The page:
- the wishes of the child, if the child is of sufficient age and capacity,
- which party is more likely to foster a close and continuing relationship between the child and the other party,
- the level of conflict between the parties,
- the ability of the parties to cooperate to meet the needs of the child,
- the mental and physical health of the parties,
- the physical, developmental, and emotional needs of the child,
- the nature of the relationship of the child with each party,
- the ability of the child to maintain a relationship with any sibling,
- any history of parental abuse or neglect of the child, or a sibling of the child,
- whether either party has engaged in an act of domestic violence against the child, a parent of the child, or any other person residing with the child, and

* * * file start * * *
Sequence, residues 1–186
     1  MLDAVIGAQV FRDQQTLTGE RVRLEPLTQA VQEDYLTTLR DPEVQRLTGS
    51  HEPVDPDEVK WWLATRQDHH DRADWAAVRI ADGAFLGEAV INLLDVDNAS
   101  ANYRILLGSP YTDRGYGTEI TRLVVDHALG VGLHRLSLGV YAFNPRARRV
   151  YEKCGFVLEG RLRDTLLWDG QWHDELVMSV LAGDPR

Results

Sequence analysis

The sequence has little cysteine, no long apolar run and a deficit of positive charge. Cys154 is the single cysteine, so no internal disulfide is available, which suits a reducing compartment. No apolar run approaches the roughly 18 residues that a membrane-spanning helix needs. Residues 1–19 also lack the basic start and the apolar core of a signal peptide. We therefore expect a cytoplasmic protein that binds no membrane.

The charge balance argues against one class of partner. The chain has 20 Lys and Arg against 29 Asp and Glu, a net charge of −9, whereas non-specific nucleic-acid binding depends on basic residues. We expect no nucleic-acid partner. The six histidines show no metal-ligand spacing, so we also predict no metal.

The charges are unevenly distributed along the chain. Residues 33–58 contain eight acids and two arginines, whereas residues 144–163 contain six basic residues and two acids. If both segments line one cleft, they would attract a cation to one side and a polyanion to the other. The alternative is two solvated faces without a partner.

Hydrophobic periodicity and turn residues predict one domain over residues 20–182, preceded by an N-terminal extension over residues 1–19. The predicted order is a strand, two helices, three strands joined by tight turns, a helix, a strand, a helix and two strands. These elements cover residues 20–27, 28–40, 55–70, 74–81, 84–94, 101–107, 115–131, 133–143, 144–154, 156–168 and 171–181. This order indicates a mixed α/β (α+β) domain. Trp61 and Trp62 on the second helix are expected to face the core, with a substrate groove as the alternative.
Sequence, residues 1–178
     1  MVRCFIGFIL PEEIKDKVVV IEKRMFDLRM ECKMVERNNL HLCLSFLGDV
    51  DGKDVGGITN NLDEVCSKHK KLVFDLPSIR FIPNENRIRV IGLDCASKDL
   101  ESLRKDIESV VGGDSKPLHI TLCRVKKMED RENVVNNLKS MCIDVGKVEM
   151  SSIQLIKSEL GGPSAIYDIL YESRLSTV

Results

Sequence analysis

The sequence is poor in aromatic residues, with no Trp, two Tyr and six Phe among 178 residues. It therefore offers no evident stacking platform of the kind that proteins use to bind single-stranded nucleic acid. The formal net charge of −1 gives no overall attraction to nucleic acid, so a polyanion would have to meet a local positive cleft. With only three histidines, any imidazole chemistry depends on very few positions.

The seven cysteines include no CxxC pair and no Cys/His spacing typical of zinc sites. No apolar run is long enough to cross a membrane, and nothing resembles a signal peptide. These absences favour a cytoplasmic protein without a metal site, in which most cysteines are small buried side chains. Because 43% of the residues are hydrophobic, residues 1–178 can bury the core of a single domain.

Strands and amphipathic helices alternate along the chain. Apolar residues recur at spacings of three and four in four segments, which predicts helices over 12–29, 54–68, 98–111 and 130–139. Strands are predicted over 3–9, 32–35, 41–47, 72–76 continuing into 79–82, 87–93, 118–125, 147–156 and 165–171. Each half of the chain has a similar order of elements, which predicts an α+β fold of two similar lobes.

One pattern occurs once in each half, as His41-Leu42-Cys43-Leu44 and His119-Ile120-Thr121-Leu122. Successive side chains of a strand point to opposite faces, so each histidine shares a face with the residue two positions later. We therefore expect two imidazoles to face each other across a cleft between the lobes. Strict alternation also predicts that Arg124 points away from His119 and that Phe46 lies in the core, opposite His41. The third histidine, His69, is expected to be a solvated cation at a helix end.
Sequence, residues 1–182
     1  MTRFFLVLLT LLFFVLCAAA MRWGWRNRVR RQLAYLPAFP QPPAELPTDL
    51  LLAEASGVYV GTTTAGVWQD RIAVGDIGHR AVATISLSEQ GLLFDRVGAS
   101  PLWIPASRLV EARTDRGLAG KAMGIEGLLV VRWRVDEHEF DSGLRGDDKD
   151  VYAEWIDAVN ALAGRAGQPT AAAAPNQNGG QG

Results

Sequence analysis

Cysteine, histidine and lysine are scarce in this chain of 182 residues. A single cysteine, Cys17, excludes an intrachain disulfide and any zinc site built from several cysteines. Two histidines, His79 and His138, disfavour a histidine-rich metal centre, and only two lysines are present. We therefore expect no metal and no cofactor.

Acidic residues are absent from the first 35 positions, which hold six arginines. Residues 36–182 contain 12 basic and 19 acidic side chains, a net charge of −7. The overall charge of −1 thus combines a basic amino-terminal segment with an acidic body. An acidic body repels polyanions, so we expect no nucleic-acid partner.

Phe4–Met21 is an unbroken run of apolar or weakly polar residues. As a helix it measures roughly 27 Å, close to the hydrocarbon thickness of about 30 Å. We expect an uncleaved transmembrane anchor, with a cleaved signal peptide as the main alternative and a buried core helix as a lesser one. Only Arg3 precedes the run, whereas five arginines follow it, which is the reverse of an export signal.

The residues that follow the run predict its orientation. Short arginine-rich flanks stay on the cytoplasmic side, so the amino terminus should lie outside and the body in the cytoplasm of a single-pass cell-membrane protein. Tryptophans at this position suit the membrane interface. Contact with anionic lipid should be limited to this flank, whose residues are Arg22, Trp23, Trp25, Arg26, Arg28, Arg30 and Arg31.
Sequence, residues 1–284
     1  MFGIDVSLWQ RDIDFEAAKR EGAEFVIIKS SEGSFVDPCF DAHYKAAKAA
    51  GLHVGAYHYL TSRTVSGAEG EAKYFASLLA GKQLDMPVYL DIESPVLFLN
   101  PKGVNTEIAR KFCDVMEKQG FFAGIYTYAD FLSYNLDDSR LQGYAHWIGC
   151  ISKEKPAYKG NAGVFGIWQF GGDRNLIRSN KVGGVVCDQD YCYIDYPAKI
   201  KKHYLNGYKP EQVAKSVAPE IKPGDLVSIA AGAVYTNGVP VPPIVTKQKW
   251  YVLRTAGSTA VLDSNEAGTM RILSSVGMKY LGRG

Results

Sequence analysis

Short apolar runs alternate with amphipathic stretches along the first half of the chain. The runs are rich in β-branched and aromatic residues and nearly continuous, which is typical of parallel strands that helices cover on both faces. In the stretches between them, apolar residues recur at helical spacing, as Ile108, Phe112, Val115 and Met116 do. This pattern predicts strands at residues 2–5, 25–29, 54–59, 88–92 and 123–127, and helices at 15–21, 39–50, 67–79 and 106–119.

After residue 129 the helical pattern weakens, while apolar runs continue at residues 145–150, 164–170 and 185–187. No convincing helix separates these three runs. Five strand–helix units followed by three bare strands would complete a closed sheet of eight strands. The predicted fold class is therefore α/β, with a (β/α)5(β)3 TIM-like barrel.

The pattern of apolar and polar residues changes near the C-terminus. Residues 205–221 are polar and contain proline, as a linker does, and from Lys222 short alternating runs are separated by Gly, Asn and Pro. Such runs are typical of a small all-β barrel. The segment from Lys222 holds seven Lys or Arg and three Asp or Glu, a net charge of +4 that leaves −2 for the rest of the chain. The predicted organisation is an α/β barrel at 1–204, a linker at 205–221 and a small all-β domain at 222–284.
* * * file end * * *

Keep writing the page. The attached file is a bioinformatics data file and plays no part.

- whether either party has committed an act of abduction against any child.
Child Support in Nevada
Child support is determined by guidelines in the Nevada Revised Statutes, Chapter 125B. The needs of the children are based on a percentage of the parties’ combined gross incomes (18% for one child, 25% for two children, 29% for three children, 32% for four children, and an additional 2% for each additional child). Each party’s share is equal to that party’s percentage of the parties’ combined income. The minimum is $100 per month per child (unless the judge finds the payor is unable to pay that amount), and a maximum of $500 per month per child. Any deviation, even if the parties agree, must be justified by considering the following factors:
- the cost of health insurance, child care, and any special educational needs of the child,
- the age of the child,
- the legal responsibility of the parties for the support of others,
- the value of services contributed by either party,
- any public assistance paid to support the child,
- the amount of time the child spends with each party,
- any other necessary expenses for the benefit of the child, and
- the relative income of both parents.
The wife’s maiden or former name may be restored.